MichaelJay/iStock(NEW YORK) — Burberry has apologized after a sweatshirt in one of its fashion shows appeared to include a noose hanging around the model's neck, prompting another model who walked in the show to call the design "triggering."
The sweatshirt in question was part of a collection debuted at London Fashion Week show last Sunday.
Model Liz Kennedy took to Instagram to voice her frustration with the clothing, writing "Suicide is not fashion."
"Let’s not forget about the horrifying history of lynching either," Kennedy added. "There are hundreds of ways to tie a rope and they chose to tie it like a noose completely ignoring the fact that it was hanging around a neck."
In an exclusive interview with ABC News' Good Morning America, Kennedy said that the issue hits close to home for her.
"I … was feeling very triggered actually," she said. "Kind of how I felt when I was going through an experience with suicide in my family."
Kennedy said she tried to voice her concerns about the design ahead of the show, but no action was taken.
"I was trying to think of ways that I could handle it backstage so that look wouldn’t be shown, but unfortunately, there was no way of doing that, and I just had to fulfill my duties as a model with them and hope for the best," she said.
Burberry and their chief creative officer, Riccardo Tisci, have since apologized.
"I am so deeply sorry for the distress that has been caused as a result of one of the pieces in my show on Sunday. While the design was inspired by a nautical theme, I realise that it was insensitive," Tisci said in a statement.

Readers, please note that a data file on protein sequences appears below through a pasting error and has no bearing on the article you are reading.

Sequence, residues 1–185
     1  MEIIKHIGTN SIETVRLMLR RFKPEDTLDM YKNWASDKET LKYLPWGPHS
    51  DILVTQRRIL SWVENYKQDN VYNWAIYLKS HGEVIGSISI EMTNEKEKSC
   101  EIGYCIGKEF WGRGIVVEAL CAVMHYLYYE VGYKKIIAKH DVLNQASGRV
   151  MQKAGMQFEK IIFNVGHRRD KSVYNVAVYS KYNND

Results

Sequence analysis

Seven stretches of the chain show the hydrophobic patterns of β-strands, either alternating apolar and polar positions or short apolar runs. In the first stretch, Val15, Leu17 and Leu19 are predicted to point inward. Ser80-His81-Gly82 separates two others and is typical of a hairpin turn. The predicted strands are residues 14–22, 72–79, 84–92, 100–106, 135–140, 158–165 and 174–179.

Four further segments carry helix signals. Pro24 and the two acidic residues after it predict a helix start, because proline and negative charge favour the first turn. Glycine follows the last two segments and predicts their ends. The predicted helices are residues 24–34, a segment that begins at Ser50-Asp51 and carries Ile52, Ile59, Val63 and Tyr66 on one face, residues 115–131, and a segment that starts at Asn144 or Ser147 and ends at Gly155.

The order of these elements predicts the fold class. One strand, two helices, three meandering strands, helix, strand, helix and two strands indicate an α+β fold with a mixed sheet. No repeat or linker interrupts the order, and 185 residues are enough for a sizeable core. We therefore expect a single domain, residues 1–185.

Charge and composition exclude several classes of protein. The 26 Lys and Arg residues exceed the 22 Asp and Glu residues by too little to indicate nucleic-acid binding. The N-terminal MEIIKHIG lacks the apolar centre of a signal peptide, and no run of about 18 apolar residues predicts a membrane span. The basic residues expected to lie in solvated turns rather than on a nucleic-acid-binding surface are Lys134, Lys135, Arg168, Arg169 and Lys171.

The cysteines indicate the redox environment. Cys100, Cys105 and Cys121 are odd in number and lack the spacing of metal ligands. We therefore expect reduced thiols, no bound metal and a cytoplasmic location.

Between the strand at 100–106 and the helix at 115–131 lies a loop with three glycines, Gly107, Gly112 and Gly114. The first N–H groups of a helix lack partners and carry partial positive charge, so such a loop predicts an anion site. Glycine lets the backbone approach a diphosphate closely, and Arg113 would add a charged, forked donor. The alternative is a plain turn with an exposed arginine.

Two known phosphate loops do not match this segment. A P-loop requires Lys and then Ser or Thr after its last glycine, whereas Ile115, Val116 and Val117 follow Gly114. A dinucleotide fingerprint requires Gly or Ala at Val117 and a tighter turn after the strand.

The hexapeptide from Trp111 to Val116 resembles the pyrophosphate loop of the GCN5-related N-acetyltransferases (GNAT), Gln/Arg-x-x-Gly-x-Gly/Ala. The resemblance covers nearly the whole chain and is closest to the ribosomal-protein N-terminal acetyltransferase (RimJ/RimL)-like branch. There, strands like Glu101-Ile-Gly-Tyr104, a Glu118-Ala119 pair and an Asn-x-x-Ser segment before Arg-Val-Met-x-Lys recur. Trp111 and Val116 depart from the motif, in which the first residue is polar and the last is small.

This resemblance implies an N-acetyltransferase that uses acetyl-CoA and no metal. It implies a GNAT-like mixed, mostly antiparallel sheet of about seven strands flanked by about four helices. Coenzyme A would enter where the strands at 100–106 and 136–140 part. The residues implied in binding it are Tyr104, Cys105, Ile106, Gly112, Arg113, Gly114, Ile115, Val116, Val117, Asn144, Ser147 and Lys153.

"It was never my intention to upset anyone," he continued. "It does not reflect my values nor Burberry's and we have removed it from the collection. I will make sure that this does not happen again."
Marco Gobbetti, the CEO of Burberry, also apologized on behalf of the brand and said they have reached out to Kennedy to personally apologize as well.
"I called Ms. Kennedy to apologise as soon as I became aware of this on Monday and we immediately removed the product and all images that featured it," Gobbetti said in a statement.
Kennedy said that the company's "actions speak louder than words."
"If they just kind of brush this whole situation under the rug in a couple weeks, that’s very disrespectful, you know, I would not be OK with that," she said.
"I think the positive that came out of all of this, it's given me the platform to be able to speak more about mental health and start a conversation on it," she added. "And it's also given the whole entire industry a lesson to make sure that they watch what they're producing and how it will affect other people."
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